In many situations, the screen/film system and the type of the film processor are selected or optimized for the purpose of imaging breast tissue (e.g., mostly soft tissues) and not for imaging a hand. The variations in the condition of the chemicals in the processor can affect the image quality significantly. It is therefore not economically feasible to maintain a constant processor condition in most places. Additionally, the film digitizer can also impose limitations on the image quality if not selected properly. What remains to control for the technologists when acquiring images to ensure the quality of the digitized patient images for RA BMD assessment is the selection of the x-ray techniques.
Similar situations can exist for mammography imaging systems using digital x-ray detectors even though fewer components are involved in the imaging chain. These digital detectors are optimized for imaging breast tissue and the largest amount of x-ray radiation the detector can detect without saturation is often limited. The noise performance of the detector at low signal level can also potentially limit the proper detection of the details of the phalanges or metacarpal bones. Again, the technologists need to carefully select the x-ray techniques when acquiring patient images to ensure the quality suitable for computer software BMD assessment.
X-ray techniques/parameters selectable by a technologist when acquiring images include kVp or tube voltage (which controls the maximum energy of the x-ray) and mAs or milliamps-second (which controls the intensity of the x-ray). On some mammography x-ray machines, a choice of a target used for x-ray generation and a filtration are also available.
The x-ray spectrum generated with the exact same values of x-ray techniques from different mammography x-ray machines are generally different due to differences in the aging of the machine, different designs from different manufactures, and the like. The technologists must configure the machine to find the proper x-ray techniques suitable for the average size patients on the particular mammography imaging system intended to be used for RA BMD assessment. Based on the x-ray techniques suitable for average size patient, the technologists need to make further detail adjustment on the choice of x-ray techniques taking into consideration of the actual hand size of each individual patient.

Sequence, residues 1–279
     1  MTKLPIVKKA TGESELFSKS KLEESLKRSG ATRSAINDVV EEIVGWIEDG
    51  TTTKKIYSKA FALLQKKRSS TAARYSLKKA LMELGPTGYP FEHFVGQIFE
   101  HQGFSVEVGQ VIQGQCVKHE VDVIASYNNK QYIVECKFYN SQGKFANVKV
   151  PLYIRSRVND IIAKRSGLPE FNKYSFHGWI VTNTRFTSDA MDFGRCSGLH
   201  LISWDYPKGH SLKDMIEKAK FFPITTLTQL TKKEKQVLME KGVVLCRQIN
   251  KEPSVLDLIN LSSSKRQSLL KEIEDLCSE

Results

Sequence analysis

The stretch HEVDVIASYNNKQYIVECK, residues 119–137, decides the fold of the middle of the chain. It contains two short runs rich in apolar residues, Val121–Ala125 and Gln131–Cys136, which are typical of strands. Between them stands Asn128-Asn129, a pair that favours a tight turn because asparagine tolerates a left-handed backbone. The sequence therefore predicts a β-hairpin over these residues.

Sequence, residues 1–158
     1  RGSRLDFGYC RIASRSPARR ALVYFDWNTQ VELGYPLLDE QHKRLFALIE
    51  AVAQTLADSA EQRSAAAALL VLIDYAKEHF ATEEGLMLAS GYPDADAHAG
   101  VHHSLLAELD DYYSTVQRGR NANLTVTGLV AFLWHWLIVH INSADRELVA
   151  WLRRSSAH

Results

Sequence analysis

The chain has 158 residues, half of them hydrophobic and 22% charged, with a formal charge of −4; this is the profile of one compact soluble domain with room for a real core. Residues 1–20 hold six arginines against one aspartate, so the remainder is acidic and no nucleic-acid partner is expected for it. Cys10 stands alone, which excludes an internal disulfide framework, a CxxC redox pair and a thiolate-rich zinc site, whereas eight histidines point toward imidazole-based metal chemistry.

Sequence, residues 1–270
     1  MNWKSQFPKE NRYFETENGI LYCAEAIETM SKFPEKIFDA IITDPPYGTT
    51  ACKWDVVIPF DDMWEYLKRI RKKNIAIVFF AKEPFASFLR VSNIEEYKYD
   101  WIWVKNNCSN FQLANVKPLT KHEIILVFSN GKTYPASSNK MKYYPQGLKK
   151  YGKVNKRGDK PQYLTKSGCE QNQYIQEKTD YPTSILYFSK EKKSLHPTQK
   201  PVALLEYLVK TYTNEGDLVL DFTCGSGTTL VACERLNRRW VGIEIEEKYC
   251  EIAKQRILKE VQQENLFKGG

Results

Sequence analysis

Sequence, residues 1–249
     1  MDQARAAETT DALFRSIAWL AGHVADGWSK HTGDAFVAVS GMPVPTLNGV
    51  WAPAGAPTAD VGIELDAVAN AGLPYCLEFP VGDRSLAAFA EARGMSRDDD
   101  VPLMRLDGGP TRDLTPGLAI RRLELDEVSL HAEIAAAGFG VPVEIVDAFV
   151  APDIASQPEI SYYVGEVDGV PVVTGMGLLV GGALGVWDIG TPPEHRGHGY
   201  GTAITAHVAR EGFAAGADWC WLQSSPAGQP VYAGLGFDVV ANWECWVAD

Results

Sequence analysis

The present invention describes an apparatus and a method to determine the proper x-ray techniques suitable for average patient on a particular mammography imaging system, prior to the acquisition of any patient image.
The present invention describes the imaging of a hand for RA BMD analysis on a mammography imaging system as an example. It is noted that other extremities can be imaged. That is, it is envisioned to extend the method of the present invention with suitable modification on the design of the calibration member for imaging other extremities (e.g., an elbow) for RA BMD analysis on a mammography imaging system.
As best shown in
It is noted that other numbers of phantoms can be employed. For example,
Further, while the figures show the phantom as having a rectangular shape, such a showing is for exemplary purposes only, and other shapes can be employed.
Each phantom is comprised of either the same or different x-ray attenuation material of different distinct thicknesses. For each of the distinct thickness, the phantom includes an area of uniform thickness made of the same x-ray attenuation material. The size of the area of the uniform thickness for each distinct thickness in the phantom is sufficiently large to provide reliable measurement of the OD (optical density) in the x-ray film or measurement of the pixel value in the digital image of that uniform thickness area in the phantom.